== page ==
When we first moved here nearly two decades ago there existed a north/south freeway of two lanes each direction and an east/west freeway of two and occasionally three lanes. Oh, and one that kind of veered off to the south and east. At least that’s how I remember it. Traffic always backed up all day long, all night long. At certain areas traffic bottle-necked into a tangle that made side streets seem the faster route.

Then the roads started getting widened. It’s tough to see the good when an already too small road becomes a construction zone. But, I remember seeing those workers out late at night with work lights blazing, or during the day in ungodly summer conditions and thinking how grateful I was to them for being willing to work such a difficult and demanding job. When the construction finished I remember thinking how amazing it felt to zip through town so quickly.

Every year for a while, more roads grew out of the desert, then existing ones widened, tweaked, and modified. Every change makes life easier to navigate in a car and simplifies my day.

Phoenix and surrounding ‘burbs now boast a loop that services nearly every community with quick, easy access to a freeway and few areas that truly jam up too much. And more roads continue under construction. To me, it’s an engineering marvel that such things exist.

Uh oh, traffic cones, better slow down a bit.

Uh oh, traffic cones, better slow down a bit.

My Dad worked for the Department of Transportation as an engineer while I grew up. I remember looking at the blueprints, the fancy drawings, the meticulous hand lettering,  the pages and pages of notes, and wondering what that had to do with roads. Back then the math was done with slide rules and on paper, and then calculators; the drawings done without the aid of computers. Amazing stuff now that I think back on it. To this day when Dad drives along a road he helped engineer in one way or another he comments, remembering details and stories about specific curves, hills, turns, side rails and even striping. Is that something? I think so. It says he put himself into his work. He took pride in it. He cared about what he did.

To men and women like him back then when the freeway system was in its infancy and toddlerhood, to the many people now, with the roads somewhere between teenager years and midlife crisis, I feel a great desire to say “Thank You.” And to those who took paper and drawings and transformed them into asphalt and bridges, concrete and smoothness, I also want to say “Thank You.”

Rarely a day goes by that I’m not a recipient of the blessings of their imagination, brilliance, hard work, and sweat.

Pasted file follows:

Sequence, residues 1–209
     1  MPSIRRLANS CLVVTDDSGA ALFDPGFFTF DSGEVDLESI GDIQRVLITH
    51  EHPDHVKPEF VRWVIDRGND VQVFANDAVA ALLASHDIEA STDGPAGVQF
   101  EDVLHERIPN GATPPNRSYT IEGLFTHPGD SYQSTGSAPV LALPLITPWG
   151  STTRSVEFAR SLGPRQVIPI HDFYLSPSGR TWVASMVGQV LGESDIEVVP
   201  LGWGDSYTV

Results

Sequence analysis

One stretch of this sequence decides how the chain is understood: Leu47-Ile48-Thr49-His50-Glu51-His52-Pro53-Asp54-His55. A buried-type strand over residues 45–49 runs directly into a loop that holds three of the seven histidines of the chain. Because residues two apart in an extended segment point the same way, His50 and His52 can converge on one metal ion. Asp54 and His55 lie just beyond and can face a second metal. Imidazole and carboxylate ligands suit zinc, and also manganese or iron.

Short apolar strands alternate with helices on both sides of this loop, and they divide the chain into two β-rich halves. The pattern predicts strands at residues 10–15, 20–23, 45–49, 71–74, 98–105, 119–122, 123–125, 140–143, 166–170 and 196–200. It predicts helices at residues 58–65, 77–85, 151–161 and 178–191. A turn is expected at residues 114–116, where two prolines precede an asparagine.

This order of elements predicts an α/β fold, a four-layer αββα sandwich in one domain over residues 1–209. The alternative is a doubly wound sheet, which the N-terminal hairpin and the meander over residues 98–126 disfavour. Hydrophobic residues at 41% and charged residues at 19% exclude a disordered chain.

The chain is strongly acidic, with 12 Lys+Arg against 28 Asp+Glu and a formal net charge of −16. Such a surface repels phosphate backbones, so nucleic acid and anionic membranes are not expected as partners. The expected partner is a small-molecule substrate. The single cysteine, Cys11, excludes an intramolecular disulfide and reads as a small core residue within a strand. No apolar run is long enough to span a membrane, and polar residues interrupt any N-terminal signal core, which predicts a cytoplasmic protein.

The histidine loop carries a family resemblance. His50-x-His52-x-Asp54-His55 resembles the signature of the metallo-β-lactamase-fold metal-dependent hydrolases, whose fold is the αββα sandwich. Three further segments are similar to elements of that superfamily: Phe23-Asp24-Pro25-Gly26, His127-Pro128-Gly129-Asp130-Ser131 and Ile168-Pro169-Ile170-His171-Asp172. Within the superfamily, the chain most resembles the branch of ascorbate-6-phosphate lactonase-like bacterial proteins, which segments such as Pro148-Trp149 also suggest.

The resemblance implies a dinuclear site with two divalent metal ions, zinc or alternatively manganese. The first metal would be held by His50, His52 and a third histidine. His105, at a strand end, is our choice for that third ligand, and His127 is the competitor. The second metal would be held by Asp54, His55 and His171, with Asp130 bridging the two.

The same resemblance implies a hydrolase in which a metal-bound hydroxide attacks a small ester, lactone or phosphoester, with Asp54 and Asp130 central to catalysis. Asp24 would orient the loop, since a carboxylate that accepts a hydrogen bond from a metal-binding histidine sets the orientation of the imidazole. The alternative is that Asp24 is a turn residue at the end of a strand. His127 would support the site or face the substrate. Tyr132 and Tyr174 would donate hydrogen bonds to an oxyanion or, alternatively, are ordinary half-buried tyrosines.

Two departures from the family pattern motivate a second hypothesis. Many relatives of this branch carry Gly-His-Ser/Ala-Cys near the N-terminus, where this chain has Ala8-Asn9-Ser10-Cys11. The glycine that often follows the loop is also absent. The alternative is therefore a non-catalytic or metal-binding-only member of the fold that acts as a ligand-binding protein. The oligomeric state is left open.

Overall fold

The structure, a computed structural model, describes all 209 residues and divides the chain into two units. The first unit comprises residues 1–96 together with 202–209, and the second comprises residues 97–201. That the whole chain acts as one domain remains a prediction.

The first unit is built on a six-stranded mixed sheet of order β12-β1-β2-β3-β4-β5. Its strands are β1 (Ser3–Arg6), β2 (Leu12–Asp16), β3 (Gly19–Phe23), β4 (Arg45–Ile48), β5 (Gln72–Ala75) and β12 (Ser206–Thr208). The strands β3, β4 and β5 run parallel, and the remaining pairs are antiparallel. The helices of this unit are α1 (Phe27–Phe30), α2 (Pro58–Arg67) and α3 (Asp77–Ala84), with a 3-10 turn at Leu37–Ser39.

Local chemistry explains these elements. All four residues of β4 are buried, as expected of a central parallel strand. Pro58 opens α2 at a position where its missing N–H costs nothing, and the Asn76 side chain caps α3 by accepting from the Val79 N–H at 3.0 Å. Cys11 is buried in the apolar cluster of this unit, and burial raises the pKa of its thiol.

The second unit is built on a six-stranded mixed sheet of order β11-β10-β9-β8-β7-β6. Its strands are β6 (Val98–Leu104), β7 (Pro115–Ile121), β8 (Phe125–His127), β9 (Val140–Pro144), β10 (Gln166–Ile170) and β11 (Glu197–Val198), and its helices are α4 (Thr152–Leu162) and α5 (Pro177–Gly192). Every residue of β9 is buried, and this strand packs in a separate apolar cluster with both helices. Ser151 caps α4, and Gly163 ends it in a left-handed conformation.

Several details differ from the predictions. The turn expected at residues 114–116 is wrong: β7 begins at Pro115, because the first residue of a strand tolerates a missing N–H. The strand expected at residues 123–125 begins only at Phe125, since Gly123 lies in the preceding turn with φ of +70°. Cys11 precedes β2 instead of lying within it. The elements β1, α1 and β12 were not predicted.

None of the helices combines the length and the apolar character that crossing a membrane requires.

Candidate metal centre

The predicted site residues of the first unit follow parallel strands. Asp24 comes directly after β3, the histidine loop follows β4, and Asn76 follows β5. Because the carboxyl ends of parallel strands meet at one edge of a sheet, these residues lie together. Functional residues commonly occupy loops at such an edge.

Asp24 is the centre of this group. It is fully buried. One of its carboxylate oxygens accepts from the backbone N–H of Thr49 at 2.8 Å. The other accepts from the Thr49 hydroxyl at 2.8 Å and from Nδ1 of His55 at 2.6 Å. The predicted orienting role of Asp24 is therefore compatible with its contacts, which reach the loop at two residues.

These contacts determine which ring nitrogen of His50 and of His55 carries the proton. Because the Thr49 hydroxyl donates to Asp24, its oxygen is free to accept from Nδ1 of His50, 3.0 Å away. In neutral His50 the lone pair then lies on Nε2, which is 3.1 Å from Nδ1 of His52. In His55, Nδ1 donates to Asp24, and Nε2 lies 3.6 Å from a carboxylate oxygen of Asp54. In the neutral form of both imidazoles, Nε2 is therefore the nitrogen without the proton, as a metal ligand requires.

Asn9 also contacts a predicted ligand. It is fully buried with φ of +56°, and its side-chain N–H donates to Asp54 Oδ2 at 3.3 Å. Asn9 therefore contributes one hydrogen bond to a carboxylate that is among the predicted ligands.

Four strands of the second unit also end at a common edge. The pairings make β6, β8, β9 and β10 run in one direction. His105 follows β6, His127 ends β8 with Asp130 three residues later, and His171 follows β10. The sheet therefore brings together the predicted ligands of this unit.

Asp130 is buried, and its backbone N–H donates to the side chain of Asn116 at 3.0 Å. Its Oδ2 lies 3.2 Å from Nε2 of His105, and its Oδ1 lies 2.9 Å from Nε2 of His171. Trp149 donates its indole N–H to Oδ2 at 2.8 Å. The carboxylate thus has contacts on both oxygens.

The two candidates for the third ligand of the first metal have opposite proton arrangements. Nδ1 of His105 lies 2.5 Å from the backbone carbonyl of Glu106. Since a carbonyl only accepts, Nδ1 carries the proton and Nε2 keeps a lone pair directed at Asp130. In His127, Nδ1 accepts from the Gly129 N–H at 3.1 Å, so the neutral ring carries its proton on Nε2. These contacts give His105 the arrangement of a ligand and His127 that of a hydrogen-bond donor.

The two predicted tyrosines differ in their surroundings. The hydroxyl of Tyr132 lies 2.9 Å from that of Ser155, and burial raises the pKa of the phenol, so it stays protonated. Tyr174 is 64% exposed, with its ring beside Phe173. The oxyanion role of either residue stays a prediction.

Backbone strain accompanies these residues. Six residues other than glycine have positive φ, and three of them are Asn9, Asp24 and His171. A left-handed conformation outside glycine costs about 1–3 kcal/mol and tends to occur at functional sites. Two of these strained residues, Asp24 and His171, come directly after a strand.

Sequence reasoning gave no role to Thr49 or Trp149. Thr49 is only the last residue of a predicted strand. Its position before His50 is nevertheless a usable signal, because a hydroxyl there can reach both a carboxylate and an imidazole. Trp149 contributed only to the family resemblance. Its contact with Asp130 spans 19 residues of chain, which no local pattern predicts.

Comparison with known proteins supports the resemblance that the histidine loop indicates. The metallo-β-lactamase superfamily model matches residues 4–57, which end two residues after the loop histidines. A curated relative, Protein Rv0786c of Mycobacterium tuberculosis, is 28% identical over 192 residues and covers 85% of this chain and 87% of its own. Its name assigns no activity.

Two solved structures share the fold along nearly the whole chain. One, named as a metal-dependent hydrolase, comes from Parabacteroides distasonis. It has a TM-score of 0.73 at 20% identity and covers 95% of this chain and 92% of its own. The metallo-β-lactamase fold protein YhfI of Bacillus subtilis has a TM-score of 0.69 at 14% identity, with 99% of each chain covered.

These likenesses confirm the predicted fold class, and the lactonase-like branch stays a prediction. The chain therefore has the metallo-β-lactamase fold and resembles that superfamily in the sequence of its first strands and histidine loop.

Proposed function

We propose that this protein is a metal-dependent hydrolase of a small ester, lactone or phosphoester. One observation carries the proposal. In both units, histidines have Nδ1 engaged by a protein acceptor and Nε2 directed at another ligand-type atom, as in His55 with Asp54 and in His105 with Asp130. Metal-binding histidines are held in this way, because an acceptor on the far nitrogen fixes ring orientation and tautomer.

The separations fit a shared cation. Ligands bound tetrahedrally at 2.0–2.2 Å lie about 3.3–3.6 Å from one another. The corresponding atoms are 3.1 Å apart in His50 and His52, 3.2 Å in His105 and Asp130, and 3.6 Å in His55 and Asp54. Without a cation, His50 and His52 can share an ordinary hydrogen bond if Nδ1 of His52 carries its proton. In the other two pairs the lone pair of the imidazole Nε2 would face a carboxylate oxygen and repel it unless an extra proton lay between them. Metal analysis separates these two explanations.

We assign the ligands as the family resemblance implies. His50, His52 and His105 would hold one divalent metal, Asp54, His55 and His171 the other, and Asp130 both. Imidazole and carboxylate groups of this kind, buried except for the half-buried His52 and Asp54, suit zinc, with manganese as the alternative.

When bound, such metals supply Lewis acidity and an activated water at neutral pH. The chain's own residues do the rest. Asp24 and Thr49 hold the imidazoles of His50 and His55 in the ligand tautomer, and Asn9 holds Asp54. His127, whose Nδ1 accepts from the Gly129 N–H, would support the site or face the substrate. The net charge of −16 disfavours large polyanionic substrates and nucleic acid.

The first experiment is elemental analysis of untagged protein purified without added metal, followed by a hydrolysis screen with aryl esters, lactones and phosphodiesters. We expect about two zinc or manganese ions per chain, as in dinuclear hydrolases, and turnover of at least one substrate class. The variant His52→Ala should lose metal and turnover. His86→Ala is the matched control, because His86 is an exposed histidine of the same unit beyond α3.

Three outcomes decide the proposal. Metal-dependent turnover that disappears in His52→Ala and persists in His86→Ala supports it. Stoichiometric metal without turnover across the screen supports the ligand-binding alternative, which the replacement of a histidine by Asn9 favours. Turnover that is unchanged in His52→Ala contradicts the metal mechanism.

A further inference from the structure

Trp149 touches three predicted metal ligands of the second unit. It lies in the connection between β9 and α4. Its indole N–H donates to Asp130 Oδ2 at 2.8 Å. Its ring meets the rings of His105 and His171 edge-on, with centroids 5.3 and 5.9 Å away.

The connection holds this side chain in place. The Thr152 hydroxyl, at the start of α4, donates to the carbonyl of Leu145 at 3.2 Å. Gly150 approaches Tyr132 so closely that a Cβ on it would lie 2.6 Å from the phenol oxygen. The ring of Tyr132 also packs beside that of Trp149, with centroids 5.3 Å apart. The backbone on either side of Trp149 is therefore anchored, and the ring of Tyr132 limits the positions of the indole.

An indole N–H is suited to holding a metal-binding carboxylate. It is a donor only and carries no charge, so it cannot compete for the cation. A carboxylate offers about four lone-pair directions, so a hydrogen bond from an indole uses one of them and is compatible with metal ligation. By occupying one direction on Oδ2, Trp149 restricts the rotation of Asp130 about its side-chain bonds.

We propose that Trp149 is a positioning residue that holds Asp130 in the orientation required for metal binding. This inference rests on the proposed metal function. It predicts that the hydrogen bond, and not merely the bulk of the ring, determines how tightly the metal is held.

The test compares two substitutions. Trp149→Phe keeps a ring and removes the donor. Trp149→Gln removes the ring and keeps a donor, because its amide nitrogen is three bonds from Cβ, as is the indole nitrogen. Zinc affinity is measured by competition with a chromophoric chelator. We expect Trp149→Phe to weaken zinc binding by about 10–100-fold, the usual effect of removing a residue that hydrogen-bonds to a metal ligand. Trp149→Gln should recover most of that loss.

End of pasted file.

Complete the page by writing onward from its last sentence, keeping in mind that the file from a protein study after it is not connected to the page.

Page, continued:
If you know someone who works on roads somehow from beginning ideas to end product or somewhere in between, could you pass along my thanks? I’m not sure of any other way to do so.

And by all means, in construction zones, slow down!

Cute car I spotted on the North loop 101 headed west. Don't worry, my passenger snapped the pic.

Cute car I spotted on the North loop 101 headed west. Don’t worry, my passenger snapped the pic.

Categories: Gratitude, Gratituesday, Traffic, Transportation | Tags: , , , , , , , , , | 5 Comments

An open letter to the jane q. public i wrote those tickets to…

A must read blog post that will make you think…

don of all trades

Dear Jane Q. Public:

I recently became aware that you took a few minutes out of your life to send an online complaint to my Department’s Internal Affairs Division because you were upset that I would not listen to your excuses about why you drove through that red light a couple of weeks ago and also because I addressed you in a tone that you thought was less than respectful. You also thought that it was ridiculous that I wrote you an additional ticket for not having your two year old buckled into a car seat.

I’ve been given a copy of the letter because I have to take time that could be used patrolling the streets in order to address the complaints you’ve lodged against me to my superiors as well as to the Internal Affairs Division.

I do remember writing you those tickets, yes. I recall that you…

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Categories: People, Traffic | 1 Comment

In the Clutches of Independence

Nearly sixteen.

Sweet.

That meant getting a driver’s license. Which meant learning to drive.

Which meant learning to drive the vehicles my parent’s owned.

Dually or Van?

Parked in our driveway was a dual-wheel Clydesdale of a truck that had, in its former life, been a flatbed hay-hauling workhorse. Dad painstakingly and lovingly sculpted that behemoth into a very useful vehicle with a bed that contained the dual wheels within it, not jutting out like most trucks with four back tires. It was brown and big and serious.